|Publication number||US5081700 A|
|Application number||US 07/311,012|
|Publication date||14 Jan 1992|
|Filing date||15 Feb 1989|
|Priority date||15 Feb 1989|
|Also published as||WO1990009640A1|
|Publication number||07311012, 311012, US 5081700 A, US 5081700A, US-A-5081700, US5081700 A, US5081700A|
|Inventors||George W. Crozier|
|Original Assignee||Unisys Corporation|
|Export Citation||BiBTeX, EndNote, RefMan|
|Patent Citations (9), Referenced by (33), Classifications (4), Legal Events (6)|
|External Links: USPTO, USPTO Assignment, Espacenet|
1. Related Applications
This application is an improvement in my copending application Ser. No. 06/836,285 filed 5 March 1986 for "Text Orientation System For Dot Matrix Printers".
2. Field of the Invention
The present invention relates to apparatus for rotating characters of the type generated by character generators in any desired image font or format. More particularly, the present invention relates to a novel high speed circuit for rotating a character, micro column word by by micro column word as it is generated or read out of a character generator memory.
3. Description of the Prior Art
In my aforementioned copending application Ser. No. 06/836,285, a complete form called a logical page could be generated and the logical page could be rotated 90°, 180° or 270° from the zero position. The logical circuitry employed to make the transformation or rotation of a logical page required that two complete characters be stored in a character matrix format in a character generator memory oriented 90° from each other. By storing whole characters, the characters could be scanned or read out of the memory buffer at high speed so that information being read out of memory could be accomplished at speeds sufficiently high to supply information for a laser printer or a laser printer engine. A second purpose for using two rotated characters in the character generator memory made it possible to flip or rotate either character being read out of memory by 180° so that the two stored characters provided the means for presenting the two characters in one of four rotational positions.
The character generator memory in this prior art reference was found to be commercially successful and reliable even though approximately 5,000 bits of memory are utilized for each 50 bit character to be generated. It is well known that thousands of characters are provided with laser printers and the cost of the character generator memory is substantially doubled when characters are stored in two rotational positions.
It would be desirable to maintain a laser printer or dot matrix printer system of the type disclosed in my copending application with the same number of characters in the character generator employing less character generator memory.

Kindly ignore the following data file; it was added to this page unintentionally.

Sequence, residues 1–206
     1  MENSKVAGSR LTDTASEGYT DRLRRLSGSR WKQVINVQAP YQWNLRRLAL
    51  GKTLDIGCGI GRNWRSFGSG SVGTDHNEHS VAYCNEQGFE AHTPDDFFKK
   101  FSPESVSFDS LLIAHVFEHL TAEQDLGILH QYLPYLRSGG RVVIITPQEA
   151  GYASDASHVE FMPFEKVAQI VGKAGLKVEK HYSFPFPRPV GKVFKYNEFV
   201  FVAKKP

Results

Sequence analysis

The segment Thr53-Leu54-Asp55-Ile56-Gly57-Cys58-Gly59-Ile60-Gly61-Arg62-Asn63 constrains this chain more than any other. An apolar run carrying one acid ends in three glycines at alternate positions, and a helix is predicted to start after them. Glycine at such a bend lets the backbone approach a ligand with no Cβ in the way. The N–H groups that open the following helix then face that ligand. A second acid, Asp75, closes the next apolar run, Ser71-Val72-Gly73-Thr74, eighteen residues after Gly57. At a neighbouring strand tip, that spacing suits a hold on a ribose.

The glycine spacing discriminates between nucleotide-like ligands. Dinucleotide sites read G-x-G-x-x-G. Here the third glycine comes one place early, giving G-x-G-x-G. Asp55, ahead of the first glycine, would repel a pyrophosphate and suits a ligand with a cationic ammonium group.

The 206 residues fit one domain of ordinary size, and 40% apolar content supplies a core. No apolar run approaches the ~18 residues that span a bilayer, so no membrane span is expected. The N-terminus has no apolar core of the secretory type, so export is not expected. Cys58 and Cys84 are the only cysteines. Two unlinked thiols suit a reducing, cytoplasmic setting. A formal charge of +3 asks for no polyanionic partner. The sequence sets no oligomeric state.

It is a principal object of the present invention to provide an improved high speed character generator.
It is another principal object of the present invention to provide novel logic circuitry for rotating a character stored in a character memory in the form of a bit matrix.
It is another principal object of the present invention to provide logic circuitry for rotating a single bit matrix character stored in memory by 90°.
It is another object of the present invention to provide logic loop circuitry for rotating a bit matrix character by 90°.
It is another object of the present invention to provide a logic circuit loop comprising a barrel shifter and a linear array shifter for rotating characters stored in a memory by 90°.
According to these and other objects of the present invention, there is provided means for reading micro column word slices of a bit matrix character out of memory one word slice at a time into a barrel shifter. The first pass output of the barrel shifter is routed through a linear array shifter and fed back to the input of the barrel shifter. The second pass output of the barrel shifter rotates the word slices to provide a bit matrix character which is rotated 90° from the first pass bit matrix character read from memory
FIG. 1 is a block diagram of a prior art printer system for a laser printer;
FIG. 2 is a block diagram of the present invention rotational hardware which comprises one of the block elements shown in FIG. 1;
FIG. 3 is a more detailed, block diagram of a linear array shifter of the type shown in the feedback loop of FIG. 2;
FIGS. 4A to 4D are diagrammatic representations of a character image as it is processed in the rotational hardware of FIG. 2;
FIGS. 5A to 5D are diagrammatic representations of the rotation of the bit positions of a character using alphanumeric characters; and
FIGS. 6A to 6D are diagrammatic representations of four bits of a fifty bit character that passes through the linear array shifter.